The Three Easiest Accessibility Hacks Every Website Owner Should Be Using and Why It’s So Important
Does website accessibility sound like a daunting task? Maybe you know that it is important to be inclusive to all of your potential customers, but the thought of making your website user-friendly for such a wide range of people feels impossible.
Disabilities can range from vision impairment to physical impairments that make using a mouse impossible. How are you supposed to address the whole range of disabilities? Start with these three hacks, and you will be well on your way. Then, keep learning and growing, as always!
Why Is Website Accessibility Important?
According to the World Health Organisation, 15% of the population has a disability. That is a lot of people. Instead of excluding this massive group from your business’ activities, include them by making your website a place that they can learn about you and your services, and make purchases. You would not want to design a physical space that millions of people couldn’t even get into, would you? The same goes for your website.
Hack # 1
Provide captions for every video in large, clear fonts
Captions help people who are deaf or hard of hearing understand your video message. In the UK alone, this is approximately ten million people. Hearing loss is the second largest disability in the UK. Adding captions is relatively simple, and you don’t need web design experience to do it.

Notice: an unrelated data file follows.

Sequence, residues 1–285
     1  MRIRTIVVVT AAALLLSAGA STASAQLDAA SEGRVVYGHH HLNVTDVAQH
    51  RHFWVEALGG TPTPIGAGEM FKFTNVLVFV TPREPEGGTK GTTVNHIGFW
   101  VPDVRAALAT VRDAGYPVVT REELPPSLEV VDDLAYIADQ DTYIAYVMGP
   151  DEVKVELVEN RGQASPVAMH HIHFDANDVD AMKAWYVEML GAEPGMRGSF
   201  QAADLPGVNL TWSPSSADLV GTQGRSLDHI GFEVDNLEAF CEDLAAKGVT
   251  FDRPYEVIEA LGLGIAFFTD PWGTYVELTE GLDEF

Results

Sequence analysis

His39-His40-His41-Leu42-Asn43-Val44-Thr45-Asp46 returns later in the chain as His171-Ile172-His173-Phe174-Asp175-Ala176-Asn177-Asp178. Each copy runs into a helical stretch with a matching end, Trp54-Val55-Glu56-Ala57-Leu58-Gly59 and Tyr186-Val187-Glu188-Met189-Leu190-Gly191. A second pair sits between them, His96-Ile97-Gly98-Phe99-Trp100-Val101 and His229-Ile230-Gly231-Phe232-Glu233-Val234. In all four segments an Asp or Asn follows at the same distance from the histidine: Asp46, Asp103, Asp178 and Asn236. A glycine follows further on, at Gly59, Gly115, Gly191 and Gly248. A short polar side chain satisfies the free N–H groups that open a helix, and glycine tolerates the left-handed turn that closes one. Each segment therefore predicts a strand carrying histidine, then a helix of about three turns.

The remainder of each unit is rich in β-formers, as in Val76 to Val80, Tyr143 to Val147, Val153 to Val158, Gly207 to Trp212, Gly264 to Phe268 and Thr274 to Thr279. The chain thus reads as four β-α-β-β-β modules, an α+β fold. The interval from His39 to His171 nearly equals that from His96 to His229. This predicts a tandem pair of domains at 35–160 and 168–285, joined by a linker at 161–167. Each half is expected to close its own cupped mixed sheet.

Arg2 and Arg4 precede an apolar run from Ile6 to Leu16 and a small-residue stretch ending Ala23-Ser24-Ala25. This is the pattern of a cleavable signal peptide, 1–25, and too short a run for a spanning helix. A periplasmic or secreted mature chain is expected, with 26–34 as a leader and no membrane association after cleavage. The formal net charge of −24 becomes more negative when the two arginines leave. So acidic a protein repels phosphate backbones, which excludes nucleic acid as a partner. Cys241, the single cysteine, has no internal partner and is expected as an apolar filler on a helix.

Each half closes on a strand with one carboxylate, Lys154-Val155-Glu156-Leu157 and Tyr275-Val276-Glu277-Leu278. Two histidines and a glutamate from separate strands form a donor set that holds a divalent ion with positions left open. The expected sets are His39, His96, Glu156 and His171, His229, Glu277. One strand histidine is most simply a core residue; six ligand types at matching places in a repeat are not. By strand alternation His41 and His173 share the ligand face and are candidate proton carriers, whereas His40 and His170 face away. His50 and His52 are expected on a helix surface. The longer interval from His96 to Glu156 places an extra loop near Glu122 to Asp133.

Make the captions large and easily visible because 6.5 million people who have hearing loss are also elderly. Therefore, they probably suffer from eyesight conditions as well.
Hack # 2
Make sure all forms can be filled in with the keyboard alone.
This ensures that people who cannot use a mouse can fill in the order information, survey, or another form that you are offering. Many people with eyesight loss cannot navigate the internet with a computer mouse. Make forms accessible by testing the flow of the form as you use tab and enter to fill it out and fixing problems that occur.
Hack # 3
Include alt or other descriptions for anything on your site that is not text.
When you include descriptions for each image or table, disabled people who are using screen reading technology will be able to understand what you are trying to convey with a picture.
Some of the actions that a website owner must take to make their site accessible are very complex and technical. But others, like the three hacks above, are relatively simple to accomplish. Do the easy actions on your own, and then look to the experts for more advanced help.